For some people the issue of refined and unrefined is moot when it comes to wheat, barley and rye.
These three grains in their refined and unrefined forms contain a number of proteins called gluten, which damages the small intestine of those who carry the gene for celiac disease. Those who have celiac disease must eliminate gluten from their diet. Otherwise their increasing inability to absorb nutrients can lead to a number of serious ailments such as anemia, osteoporosis and nervous system disorders. Other problems can include abdominal bloating and pain, gas, fatigue, delayed growth, mouth sores and missed menstrual periods.
Dr. Alessio Fasano, a pediatric gastroenterologist at the University of Maryland Medical School in Baltimore, says celiac disease is an autoimmune disorder that was once thought to be very rare. However, his studies put the incidence of celiac disease in this country at one in 150. And Fasano says his research also suggests that gluten is toxic even for individuals who do not have the gene for celiac disease.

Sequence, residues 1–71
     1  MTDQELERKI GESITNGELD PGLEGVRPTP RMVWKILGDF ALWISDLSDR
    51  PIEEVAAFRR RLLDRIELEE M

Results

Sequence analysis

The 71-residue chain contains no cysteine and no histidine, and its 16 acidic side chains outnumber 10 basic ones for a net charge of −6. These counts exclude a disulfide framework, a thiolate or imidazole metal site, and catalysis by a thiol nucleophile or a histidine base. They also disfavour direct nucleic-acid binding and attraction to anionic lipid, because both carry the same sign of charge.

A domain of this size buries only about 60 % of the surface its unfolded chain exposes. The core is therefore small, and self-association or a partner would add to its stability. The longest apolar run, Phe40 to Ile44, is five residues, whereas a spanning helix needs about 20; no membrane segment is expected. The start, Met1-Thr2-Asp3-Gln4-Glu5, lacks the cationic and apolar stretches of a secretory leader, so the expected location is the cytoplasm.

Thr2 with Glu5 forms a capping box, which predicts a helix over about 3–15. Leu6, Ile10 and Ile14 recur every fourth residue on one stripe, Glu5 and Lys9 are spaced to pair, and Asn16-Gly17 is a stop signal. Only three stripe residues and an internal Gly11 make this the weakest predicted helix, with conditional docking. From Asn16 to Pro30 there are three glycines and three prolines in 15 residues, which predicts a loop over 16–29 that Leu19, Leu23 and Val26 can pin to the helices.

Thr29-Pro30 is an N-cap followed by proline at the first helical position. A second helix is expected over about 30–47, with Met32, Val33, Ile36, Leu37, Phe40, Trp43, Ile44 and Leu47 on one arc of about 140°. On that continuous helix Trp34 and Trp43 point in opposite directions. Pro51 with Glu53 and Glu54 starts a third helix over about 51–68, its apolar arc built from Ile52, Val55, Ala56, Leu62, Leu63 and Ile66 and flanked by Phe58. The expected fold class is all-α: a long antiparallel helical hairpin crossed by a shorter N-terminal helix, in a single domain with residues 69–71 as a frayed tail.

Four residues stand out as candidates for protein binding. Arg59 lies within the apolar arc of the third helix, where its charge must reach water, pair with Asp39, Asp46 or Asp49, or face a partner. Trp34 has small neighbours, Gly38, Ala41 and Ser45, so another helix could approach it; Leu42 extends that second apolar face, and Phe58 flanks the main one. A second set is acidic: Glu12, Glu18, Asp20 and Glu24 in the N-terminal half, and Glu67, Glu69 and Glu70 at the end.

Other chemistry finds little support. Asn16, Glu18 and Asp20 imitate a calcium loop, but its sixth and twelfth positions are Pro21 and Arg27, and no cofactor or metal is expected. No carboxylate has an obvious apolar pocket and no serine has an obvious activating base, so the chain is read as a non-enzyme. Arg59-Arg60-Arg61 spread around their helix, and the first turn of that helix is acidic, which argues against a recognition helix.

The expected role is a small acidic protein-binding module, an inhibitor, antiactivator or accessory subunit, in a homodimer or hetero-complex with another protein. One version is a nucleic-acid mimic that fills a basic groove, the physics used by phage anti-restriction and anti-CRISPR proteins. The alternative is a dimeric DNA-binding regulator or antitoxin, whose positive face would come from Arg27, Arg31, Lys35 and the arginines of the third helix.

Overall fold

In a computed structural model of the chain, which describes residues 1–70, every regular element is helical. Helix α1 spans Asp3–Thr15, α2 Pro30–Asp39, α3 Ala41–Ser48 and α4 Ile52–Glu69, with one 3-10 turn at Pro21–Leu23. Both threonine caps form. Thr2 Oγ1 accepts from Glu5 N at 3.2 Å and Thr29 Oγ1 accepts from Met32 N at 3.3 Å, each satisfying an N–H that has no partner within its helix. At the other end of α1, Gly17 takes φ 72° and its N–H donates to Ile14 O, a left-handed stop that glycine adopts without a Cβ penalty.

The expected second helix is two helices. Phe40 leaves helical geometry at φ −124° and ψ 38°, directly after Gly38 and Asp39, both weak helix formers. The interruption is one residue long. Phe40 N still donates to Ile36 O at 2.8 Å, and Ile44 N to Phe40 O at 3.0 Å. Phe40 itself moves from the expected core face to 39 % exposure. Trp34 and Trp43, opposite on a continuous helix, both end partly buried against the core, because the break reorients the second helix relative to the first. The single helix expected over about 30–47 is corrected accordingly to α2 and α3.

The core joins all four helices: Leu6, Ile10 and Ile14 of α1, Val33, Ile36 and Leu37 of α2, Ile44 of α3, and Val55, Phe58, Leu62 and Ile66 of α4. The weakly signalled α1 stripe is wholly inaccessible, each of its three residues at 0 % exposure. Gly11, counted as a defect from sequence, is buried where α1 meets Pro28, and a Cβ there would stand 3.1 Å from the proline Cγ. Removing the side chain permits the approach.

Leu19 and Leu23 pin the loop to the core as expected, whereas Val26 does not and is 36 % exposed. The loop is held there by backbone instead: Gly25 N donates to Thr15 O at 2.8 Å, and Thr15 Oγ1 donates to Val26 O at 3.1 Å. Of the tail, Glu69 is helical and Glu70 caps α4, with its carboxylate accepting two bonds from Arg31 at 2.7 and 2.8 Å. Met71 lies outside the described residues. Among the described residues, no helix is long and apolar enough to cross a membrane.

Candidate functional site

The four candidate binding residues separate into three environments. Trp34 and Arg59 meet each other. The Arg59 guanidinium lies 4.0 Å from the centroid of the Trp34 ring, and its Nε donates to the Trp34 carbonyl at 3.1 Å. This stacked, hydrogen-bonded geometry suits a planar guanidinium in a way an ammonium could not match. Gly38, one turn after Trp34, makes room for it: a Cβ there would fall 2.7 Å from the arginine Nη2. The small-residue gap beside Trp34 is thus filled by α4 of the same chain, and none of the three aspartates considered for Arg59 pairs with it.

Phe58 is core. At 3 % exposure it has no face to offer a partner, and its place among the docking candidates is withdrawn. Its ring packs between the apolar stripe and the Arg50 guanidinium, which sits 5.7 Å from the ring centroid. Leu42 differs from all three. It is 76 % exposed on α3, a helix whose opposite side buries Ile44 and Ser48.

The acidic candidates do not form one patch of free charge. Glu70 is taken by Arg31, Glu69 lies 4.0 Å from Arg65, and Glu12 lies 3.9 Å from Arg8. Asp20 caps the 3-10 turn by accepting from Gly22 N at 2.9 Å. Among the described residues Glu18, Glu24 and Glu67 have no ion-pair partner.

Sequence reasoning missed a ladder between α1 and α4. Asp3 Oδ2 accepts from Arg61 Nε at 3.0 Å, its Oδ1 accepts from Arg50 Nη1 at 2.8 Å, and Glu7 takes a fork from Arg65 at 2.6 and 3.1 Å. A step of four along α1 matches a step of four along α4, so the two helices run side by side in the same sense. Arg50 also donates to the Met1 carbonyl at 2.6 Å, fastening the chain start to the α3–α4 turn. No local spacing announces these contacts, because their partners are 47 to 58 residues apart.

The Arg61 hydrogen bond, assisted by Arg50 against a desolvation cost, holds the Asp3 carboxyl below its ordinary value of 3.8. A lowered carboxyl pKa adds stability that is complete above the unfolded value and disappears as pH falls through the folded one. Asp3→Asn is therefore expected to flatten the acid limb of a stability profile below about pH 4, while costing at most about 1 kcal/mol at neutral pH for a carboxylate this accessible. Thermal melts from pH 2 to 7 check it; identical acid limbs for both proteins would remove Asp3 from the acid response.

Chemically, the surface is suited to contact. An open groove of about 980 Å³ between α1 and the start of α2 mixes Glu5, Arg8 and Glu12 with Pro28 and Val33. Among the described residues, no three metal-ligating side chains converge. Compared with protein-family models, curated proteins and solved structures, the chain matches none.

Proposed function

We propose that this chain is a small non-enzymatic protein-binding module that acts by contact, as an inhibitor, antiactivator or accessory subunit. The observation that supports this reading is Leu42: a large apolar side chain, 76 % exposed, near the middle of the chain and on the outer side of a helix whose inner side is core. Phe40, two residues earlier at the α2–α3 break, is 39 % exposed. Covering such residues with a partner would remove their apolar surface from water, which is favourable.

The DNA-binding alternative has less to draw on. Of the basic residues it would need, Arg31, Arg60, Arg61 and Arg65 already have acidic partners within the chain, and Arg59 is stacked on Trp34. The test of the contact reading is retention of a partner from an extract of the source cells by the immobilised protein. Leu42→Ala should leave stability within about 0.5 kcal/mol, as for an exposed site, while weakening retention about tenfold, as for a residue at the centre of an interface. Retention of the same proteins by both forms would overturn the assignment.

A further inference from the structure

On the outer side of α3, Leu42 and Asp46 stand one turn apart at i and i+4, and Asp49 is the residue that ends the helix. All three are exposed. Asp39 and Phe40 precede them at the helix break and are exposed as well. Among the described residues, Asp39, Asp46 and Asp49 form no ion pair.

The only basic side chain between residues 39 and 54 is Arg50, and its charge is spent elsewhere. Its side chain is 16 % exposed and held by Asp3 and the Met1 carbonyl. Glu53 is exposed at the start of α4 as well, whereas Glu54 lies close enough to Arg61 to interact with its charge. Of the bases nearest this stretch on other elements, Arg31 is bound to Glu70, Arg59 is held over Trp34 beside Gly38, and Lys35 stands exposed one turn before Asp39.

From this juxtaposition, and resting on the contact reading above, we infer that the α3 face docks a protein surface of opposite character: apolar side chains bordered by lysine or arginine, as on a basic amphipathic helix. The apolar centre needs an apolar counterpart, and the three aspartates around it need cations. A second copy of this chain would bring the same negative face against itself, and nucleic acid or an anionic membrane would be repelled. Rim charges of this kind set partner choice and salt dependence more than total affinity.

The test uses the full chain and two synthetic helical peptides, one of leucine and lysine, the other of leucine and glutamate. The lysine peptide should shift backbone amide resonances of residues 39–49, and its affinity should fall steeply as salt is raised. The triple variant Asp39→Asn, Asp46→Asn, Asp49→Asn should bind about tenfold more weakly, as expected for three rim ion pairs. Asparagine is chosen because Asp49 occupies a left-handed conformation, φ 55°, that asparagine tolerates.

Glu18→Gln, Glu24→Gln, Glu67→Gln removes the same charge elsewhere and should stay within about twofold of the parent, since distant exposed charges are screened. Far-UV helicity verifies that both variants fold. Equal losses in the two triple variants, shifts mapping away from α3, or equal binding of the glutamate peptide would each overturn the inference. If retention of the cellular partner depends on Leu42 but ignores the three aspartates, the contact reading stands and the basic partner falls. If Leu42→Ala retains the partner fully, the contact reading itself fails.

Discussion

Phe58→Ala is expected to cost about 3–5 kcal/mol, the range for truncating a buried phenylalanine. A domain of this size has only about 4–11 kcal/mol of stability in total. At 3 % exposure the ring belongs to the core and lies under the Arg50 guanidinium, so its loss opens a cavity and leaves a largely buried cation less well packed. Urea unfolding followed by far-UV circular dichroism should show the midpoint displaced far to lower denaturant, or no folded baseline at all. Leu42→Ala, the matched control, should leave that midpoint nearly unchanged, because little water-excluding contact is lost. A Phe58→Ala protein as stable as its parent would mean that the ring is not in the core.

These days the gluten-free diet has created a thriving cottage industry. A glossy magazine called "Living Without" features ads for everything from gluten-free decadent chocolate cake mix to a gadget that detects gluten lurking in food to T-shirts announcing "Gluten free. Got a problem with that?"
Publisher Peggy Wagener started the magazine four years ago after she was diagnosed with celiac disease but says her readership includes the parents of autistic and hyperactive children and people with a variety of autoimmune diseases who say their conditions improve on a gluten-free diet.
In addition, some readers who don't have a related disease or medical condition also avoid wheat because of its high gluten content. "Some people just don't feel good eating wheat," says Wagener.
Melissa Diane Smith says she's one of them. She tested negative for celiac disease but says she was incapacitated by fatigue until she dropped gluten-containing grains from her diet and cut back on other grains as well.
Smith, a nutritional counselor and author of the new book "Going Against the Grain: How Reducing and Avoiding Grains Can Revitalize Your Health," says there are millions of people who are intolerant to common grains. She advises clients to cut back or cut out grains to remedy allergic symptoms, including aches and pains and digestive upset as well as extra pounds.
But mainstream health advisors are skeptical about the undeniable boomlet in wheat-free and grain-phobic living. Celiac disease may be underreported, but it's not an epidemic, according to Susan Bowerman, assistant director of the Center for Human Nutrition at UCLA. Neither are wheat allergies: "I don't think they're all that common."